“Wharton really values decisions backed up by data, so when you make a point, support it with facts,” he says. “As you make your way through the given scenario, be sure to take logical steps from one point to the next and communicate your thought process when it’s relevant.”
In a group exercise, it can be easy to get sidetracked by details. “Always keep the big picture in mind,” Brown urges. “You can also consider these team-based discussions are a good test of emotional intelligence. Testing your ability to read the group dynamic, allowing you to determine your most effective role within the group. Should you lead, should you listen and contribute only when appropriate, should you facilitate and draw others into the conversation?”
What’s Wharton really after with the TBD? “You want to show the Admissions Committee that you work well in a team environment, can adapt and show a keen sense of understanding not only of the problem at hand, but of the dynamics of the group as the discussion unfolds. Oftentimes the most important skill you will need is the ability to listen, before contribution,” Brown says.
“The other interesting aspect to this type of interview is that it is really hard to prepare for,” he notes. Prepping the specific scenario is obviously important, but this does not help you much in terms of how to contribute as part of a group situation made up of similarly motivated peers who all want the same outcome, he says. “Having a good sense of self awareness and being able to correct your own tendencies will be extremely important,” Brown advises.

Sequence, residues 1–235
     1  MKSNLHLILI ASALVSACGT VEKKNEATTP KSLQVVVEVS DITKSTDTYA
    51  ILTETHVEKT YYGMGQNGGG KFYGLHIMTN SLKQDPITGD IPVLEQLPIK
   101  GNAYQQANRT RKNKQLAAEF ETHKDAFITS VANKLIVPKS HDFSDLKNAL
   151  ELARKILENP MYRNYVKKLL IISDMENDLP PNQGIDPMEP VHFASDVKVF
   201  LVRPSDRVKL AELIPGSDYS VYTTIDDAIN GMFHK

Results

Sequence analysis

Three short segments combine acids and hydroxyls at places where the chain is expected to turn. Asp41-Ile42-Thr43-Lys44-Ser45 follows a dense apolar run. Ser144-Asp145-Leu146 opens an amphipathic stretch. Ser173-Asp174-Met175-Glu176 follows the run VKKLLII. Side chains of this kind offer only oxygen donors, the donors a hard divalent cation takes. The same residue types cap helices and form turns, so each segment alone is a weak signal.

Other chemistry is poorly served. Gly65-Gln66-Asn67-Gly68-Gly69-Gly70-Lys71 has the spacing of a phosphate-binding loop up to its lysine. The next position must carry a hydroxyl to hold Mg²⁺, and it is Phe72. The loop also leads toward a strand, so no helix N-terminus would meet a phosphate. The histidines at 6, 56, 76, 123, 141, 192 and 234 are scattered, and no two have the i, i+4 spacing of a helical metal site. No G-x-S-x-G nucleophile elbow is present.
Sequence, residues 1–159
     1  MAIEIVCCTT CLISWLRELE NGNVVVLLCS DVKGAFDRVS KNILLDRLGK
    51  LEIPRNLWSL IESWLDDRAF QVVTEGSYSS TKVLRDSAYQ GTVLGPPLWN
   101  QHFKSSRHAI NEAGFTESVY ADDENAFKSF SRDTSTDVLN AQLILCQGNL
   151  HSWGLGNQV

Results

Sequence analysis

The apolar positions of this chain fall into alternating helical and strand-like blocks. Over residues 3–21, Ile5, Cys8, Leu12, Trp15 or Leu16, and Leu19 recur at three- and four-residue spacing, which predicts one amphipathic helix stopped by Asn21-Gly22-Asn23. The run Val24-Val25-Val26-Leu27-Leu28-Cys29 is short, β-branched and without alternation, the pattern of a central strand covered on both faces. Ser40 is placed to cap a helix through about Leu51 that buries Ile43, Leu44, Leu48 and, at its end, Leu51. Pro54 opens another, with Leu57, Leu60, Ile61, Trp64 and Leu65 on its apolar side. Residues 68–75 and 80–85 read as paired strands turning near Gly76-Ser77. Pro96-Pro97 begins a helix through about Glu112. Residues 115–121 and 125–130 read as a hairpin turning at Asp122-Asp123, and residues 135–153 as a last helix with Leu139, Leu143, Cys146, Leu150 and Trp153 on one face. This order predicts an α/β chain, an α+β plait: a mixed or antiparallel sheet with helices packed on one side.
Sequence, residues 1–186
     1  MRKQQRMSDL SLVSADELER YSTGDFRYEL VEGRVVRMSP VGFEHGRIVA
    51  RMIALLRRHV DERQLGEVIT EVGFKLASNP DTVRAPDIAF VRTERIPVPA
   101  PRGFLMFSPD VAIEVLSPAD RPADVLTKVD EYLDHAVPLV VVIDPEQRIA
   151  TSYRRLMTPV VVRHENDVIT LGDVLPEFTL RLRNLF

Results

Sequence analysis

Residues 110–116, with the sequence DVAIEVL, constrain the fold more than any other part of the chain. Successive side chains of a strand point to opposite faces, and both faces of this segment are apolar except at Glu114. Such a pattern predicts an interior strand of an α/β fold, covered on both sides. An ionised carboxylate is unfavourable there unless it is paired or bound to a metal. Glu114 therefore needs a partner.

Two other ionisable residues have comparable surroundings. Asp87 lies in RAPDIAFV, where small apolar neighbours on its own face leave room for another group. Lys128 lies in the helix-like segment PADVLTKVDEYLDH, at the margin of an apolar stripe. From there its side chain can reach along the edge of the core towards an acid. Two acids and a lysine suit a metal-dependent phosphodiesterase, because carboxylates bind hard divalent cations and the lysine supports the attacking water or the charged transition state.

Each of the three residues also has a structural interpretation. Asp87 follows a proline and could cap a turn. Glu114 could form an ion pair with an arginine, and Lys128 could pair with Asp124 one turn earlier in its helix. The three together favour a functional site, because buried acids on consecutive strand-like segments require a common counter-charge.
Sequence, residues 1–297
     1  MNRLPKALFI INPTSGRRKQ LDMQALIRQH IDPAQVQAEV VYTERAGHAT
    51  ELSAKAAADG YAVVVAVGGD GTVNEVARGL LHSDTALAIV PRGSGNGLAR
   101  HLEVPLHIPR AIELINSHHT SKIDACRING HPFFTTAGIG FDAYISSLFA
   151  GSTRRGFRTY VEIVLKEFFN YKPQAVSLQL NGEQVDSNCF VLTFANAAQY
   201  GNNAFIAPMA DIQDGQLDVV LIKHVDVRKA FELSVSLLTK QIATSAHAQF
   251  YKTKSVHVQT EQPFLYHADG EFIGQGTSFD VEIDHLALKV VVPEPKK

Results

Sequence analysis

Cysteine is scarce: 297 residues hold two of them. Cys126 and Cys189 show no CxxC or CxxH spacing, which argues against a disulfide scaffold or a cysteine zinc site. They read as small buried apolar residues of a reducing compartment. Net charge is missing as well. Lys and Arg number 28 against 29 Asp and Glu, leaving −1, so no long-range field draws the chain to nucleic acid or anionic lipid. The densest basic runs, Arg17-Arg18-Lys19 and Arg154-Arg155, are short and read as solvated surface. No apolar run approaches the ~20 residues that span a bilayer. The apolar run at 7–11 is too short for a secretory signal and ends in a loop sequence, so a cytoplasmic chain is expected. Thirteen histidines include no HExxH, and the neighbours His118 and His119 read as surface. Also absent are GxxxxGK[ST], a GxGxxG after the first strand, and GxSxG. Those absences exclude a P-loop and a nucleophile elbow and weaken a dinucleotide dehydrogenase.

Even with the implementation of the TBD—which, incidentally, is required for admission—Wharton still gives applicants an opportunity for a short one-on-one conversation with an admissions team member immediately following the team exercise. Often, the first questions applicants are asked as part of this one-on-one interview pertain to how they think they did during the TBD. But these brief individual interviews also provide an opportunity for applicants to make their case for admission. “This is a great chance to share your story, goals, career plan and passion for the school,” Brown says. “Treat this portion of the interview as you would treat any of your resume-based interviews.” he offers.
Though the innovative format may seem nerve-wracking to many applicants, the schools that have chosen to implement a group exercise have done so in great part to get a better feel for how applicants will take part in an actual business school classroom. The whole reason you’re going through this application process is because you want to end up in one of those classrooms. So just relax and pretend you’re already there.
See the other parts in our MBA Admissions Interview Primer series: